The open-plan living room, kitchen, and dining area are handsomely punctuated with Lightyears Caravaggio pendant lights and the dramatic Moooi Random Lights.
Across from the sofa, a concrete fireplace surround is topped with a custom walnut wall treatment.
The residents furnished the interior themselves, even hand-picking the exposed reclaimed beams from a barn in Pennsylvania. The dining table and shelving unit are 1970s vintage and the sofa is from Design Within Reach (left). The height of the top level varies from around nine to 12 feet.
The use of wood softens the industrial feel of the concrete.
The minimalist material palette is picked up on the interiors as well, where a black concrete fireplace plays off the polished aggregate concrete floors.
Raw plywood contrasts with dark plaster in the 460-square-foot main cabin, whose communal space encompasses an efficient living/dining area and kitchen.
The living spaces are orientated to the north, while the bedrooms have been placed in the south of the home.
Cradle-to-cradle certified carpet from the Shaw Group adds a warm layer in the living room.
With bright, spacious, interiors, the home is a testament to the visionary creativity of one of America’s most renowned modernist architects.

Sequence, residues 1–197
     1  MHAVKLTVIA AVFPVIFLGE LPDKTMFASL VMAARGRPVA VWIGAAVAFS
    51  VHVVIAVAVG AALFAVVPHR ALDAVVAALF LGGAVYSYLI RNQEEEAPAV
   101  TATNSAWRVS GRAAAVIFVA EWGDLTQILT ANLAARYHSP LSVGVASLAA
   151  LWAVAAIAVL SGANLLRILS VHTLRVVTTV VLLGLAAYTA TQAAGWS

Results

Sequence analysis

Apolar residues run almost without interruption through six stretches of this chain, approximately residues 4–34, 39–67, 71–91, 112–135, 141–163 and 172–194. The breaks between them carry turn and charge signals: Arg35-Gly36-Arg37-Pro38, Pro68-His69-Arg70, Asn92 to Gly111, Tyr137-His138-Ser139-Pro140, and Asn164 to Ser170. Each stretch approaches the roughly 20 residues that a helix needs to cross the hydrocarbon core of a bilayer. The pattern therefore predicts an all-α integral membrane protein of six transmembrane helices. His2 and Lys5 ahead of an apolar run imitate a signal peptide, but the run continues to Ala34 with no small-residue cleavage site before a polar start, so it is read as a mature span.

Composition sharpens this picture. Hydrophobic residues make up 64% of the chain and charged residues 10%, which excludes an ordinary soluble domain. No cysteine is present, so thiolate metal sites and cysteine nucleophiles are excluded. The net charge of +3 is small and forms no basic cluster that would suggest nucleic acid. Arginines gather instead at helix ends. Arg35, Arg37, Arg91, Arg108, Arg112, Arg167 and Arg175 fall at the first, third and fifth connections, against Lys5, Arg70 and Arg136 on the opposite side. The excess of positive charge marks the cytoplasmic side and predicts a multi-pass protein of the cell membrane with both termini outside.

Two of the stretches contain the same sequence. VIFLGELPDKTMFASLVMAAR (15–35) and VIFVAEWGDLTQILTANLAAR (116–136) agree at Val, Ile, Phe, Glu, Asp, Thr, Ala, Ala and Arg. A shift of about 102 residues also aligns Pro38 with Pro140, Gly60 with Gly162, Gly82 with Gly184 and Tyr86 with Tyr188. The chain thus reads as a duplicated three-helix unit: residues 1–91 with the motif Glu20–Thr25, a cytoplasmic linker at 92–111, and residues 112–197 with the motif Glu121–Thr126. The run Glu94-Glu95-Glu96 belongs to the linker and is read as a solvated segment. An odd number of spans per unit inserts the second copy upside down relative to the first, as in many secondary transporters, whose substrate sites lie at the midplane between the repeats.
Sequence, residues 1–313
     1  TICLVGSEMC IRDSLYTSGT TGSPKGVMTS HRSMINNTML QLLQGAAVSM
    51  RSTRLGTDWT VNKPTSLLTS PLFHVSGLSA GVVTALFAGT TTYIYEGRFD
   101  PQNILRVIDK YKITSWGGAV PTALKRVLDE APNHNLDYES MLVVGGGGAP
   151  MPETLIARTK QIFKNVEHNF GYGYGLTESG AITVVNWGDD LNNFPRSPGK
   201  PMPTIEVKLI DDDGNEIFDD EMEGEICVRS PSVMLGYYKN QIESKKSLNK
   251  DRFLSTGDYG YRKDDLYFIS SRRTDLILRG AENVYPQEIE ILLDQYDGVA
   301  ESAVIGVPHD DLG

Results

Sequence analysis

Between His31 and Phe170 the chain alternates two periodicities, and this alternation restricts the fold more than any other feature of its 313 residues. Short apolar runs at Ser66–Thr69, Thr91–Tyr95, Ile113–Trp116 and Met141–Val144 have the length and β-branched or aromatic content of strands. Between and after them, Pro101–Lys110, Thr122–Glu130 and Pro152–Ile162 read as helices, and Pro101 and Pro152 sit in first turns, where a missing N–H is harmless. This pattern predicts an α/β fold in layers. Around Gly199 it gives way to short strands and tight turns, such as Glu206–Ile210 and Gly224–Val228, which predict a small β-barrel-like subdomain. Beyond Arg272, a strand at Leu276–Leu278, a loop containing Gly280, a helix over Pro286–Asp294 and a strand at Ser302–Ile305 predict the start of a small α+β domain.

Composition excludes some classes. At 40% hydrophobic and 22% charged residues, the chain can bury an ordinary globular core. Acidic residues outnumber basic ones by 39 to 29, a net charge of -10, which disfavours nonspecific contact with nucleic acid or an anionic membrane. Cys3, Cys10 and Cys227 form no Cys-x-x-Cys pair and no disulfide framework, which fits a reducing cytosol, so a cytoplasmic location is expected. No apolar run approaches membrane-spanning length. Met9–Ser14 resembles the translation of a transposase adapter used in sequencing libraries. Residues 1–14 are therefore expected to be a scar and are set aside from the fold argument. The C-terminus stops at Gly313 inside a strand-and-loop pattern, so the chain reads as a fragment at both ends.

The front great room is intentionally public; the furniture-like wall (inspired by Mies’ Farnsworth house) creates privacy for all other rooms—even with no window coverings. No rooms have interior walls that connect with the outer perimeter of the house, echoing a design element of our 1958 E. Stewart Williams house in Palm Springs, CA.
The tongue-and-groove ceiling is an authentic midcentury touch, while clerestory windows help keep the living area bright.

The modern living room is one of the busiest spots in the house. It is where family and friends alike gather to share stories, watch movies, read, and unwind. As you'll find in the projects below, there are endless ways to configure a fresh living space with modern options for chairs and sofas, sectionals, end and coffee tables, bookcases, benches, and more. Innovative fireplaces add a touch of warmth.